“I think also if you can walk through some of our historic spaces now and not feel uncomfortable, that's a position of privilege that you're experiencing because of the story that's being represented there,” Elliott-Ortega said. “Steve has talked about walking through Faneuil Hall and not seeing the history that he relates to represented. There's a lot of people who feel that way because some aspects are not being told and some truth is not being told.”
The memorial will tell the story of an enslaved person's travels in two parts. A smaller rectangular section is the site of the auctioneer. For the larger section, Locke analyzed the manifest of a slave ship. This document gave details of the ship and its cargo including the exact measurements that slave ships had to transport their human cargo, approximately 3-by-5-feet.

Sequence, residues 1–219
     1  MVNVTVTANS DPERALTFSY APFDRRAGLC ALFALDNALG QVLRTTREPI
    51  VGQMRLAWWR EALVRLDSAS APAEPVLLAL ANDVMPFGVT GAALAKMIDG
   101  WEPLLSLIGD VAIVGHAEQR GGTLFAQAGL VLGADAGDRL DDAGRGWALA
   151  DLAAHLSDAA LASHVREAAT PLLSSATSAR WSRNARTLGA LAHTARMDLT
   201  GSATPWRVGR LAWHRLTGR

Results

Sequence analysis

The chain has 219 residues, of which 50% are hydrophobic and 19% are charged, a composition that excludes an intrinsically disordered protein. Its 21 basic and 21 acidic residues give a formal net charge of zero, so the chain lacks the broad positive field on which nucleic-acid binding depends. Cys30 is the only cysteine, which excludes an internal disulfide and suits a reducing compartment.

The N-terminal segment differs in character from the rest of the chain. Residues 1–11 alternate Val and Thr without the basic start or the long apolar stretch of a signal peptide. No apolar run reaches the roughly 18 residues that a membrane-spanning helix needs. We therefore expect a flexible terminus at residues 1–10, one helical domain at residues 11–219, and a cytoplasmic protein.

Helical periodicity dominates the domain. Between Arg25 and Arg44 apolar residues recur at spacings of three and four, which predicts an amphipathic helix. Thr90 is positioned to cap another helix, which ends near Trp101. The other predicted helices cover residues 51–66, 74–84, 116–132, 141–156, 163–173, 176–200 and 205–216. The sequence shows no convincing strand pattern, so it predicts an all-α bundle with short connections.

Barry Lawton is spokesman for the the New Democracy Coalition, an organization leading the effort to rename Faneuil Hall. They want a hearing for city council to listen to their supporters. They originally suggested that the building honor Crispus Attucks, the first American killed in the American Revolution, who was also a black man, but they're open to other possibilities. They see the memorial as a separate issue all together, he said.
"You know Faneuil Hall was the clear target because it has a greater redeeming value for advancing this city and changing the narrative of this city than just putting up another memorial," Lawton said. "Certainly the council has wisely addressed and we certainly concur with them that there are other groups that we have proposed [to name the building after, like] women, Native Americans, many other people that contributed to the revolutionary effort."